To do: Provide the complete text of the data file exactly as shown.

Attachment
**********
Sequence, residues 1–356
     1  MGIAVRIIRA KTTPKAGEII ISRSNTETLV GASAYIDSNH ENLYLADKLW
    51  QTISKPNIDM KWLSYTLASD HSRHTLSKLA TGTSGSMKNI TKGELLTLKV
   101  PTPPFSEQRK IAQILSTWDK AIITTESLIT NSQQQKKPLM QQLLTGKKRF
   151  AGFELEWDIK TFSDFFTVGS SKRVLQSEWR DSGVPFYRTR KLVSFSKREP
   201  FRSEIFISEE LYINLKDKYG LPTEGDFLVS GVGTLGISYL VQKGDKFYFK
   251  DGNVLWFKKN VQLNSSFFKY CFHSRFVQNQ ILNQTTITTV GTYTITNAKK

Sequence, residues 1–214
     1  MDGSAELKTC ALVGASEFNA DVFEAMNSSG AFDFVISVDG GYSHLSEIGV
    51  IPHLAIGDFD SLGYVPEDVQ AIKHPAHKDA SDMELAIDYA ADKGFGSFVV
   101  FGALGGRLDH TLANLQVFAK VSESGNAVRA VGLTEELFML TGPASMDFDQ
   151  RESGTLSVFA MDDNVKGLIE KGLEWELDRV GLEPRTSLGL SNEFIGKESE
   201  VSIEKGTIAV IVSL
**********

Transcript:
Sequence, residues 1–356
     1  MGIAVRIIRA KTTPKAGEII ISRSNTETLV GASAYIDSNH ENLYLADKLW
    51  QTISKPNIDM KWLSYTLASD HSRHTLSKLA TGTSGSMKNI TKGELLTLKV
   101  PTPPFSEQRK IAQILSTWDK AIITTESLIT NSQQQKKPLM QQLLTGKKRF
   151  AGFELEWDIK TFSDFFTVGS SKRVLQSEWR DSGVPFYRTR KLVSFSKREP
   201  FRSEIFISEE LYINLKDKYG LPTEGDFLVS GVGTLGISYL VQKGDKFYFK
   251  DGNVLWFKKN VQLNSSFFKY CFHSRFVQNQ ILNQTTITTV GTYTITNAKK

Sequence, residues 1–214
     1  MDGSAELKTC ALVGASEFNA DVFEAMNSSG AFDFVISVDG GYSHLSEIGV
    51  IPHLAIGDFD SLGYVPEDVQ AIKHPAHKDA SDMELAIDYA ADKGFGSFVV
   101  FGALGGRLDH TLANLQVFAK VSESGNAVRA VGLTEELFML TGPASMDFDQ
   151  RESGTLSVFA MDDNVKGLIE KGLEWELDRV GLEPRTSLGL SNEFIGKESE
   201  VSIEKGTIAV IVSL